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WSIS: US caves over internet monopoly

Nice countries share

The US has agreed to consult with other governments over top-level domain names in a major shift in the US policy on control of the internet, EU officials confirmed on Wednesday.

Yesterday, at the WSIS (World Summit on the Information Society) in Tunis, the US signed up to a set of principles of internet governance proposed by the EU, according to European officials.

Under the deal, struck late on Tuesday night, all parties agreed that "no government should have the last word on another country's top level domain", said Martin Selmayr, a spokesman for EU Information Society Commissioner Viviane Reding, who attended the meeting.

This marks a "major step towards internationalisation" of internet governance, he said.

A US government official confirmed that the US was "happy with the deal".

The current system where ICANN (the Internet Corporation for Assigned Names and Numbers) is responsible for day-to-day management decisions concerning the internet will remain in place, Selmayr said.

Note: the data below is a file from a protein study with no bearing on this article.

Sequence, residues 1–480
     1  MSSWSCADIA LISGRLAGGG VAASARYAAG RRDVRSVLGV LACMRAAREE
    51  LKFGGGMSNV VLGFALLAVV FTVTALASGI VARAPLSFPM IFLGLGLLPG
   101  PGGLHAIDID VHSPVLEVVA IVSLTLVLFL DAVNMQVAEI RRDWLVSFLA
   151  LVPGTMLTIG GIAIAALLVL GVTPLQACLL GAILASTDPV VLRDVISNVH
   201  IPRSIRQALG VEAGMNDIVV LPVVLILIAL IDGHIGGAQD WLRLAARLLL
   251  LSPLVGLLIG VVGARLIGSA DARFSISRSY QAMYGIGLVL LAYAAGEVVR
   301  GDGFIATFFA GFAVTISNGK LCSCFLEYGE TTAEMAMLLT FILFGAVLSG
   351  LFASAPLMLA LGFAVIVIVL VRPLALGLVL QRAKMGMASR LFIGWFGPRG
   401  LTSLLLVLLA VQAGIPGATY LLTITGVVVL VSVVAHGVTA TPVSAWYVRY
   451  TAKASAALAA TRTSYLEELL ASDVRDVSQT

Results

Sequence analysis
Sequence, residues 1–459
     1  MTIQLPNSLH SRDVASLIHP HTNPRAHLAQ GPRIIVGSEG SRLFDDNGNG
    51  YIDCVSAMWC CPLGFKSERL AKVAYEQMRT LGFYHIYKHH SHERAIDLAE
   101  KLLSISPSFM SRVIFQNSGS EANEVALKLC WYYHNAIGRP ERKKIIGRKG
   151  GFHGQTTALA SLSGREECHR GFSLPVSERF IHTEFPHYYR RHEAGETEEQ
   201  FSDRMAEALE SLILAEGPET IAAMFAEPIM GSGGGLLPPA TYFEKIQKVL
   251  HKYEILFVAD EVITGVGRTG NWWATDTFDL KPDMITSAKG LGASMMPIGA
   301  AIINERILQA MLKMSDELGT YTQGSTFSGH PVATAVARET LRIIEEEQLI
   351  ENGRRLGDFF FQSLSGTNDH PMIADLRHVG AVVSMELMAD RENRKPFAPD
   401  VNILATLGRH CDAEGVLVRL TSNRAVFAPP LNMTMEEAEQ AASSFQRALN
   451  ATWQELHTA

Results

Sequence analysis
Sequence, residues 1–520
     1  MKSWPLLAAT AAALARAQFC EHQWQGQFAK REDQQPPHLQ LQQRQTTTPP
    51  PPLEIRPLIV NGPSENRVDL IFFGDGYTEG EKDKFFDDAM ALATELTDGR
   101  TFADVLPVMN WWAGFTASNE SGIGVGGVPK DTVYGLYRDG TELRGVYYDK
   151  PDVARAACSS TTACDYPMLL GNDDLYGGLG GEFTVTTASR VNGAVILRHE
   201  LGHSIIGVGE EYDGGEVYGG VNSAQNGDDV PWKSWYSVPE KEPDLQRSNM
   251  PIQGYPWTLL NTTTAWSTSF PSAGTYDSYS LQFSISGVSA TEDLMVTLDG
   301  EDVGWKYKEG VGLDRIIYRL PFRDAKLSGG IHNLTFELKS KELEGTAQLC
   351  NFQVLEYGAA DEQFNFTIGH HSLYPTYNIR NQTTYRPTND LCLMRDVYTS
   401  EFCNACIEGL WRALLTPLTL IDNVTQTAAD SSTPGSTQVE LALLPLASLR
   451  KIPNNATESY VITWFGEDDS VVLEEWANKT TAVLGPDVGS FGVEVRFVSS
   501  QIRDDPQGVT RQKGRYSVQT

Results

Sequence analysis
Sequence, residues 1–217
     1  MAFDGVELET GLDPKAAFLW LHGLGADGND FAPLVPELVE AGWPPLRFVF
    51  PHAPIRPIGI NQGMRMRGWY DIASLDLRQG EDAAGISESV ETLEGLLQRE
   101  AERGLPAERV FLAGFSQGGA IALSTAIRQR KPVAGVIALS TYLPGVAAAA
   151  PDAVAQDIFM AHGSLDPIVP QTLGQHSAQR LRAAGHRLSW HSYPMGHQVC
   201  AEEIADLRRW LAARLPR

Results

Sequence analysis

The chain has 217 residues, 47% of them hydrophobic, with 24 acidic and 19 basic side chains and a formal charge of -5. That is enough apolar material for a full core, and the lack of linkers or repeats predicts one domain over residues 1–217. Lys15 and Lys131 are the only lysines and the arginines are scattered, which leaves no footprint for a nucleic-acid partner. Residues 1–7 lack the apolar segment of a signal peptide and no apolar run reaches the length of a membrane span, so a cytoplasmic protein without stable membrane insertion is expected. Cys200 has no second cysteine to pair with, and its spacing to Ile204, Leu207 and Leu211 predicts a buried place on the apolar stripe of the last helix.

Under the changes, however, if ICANN made a decision affecting a non-US country's TLD (top level domain), it would make a proposal to its controlling body, the US DoC (Department of Commerce). The DoC would then have to consult with the country involved, Selmayr said. Under the current structure, there is no consultation with other countries.

The details of how the procedure would work will be worked out in the first half of next year, he added.

The EU has been leading attempts to increase influence of non-US governments over the internet and the summit's decision represents a considerable victory over the US which wanted to maintain the status quo.

EU governments have complained that, under the current system, disputes concerning TLDs have to be settled in the US under US law, putting other countries and non-US firms at a disadvantage.

The summit attendees also agreed to set up an international forum next year to look at general issues of internet architecture, addressing questions such as spam and child protection. The first meeting will take place in Greece next year under the aegis of the UN secretary-general Kofi Annan.


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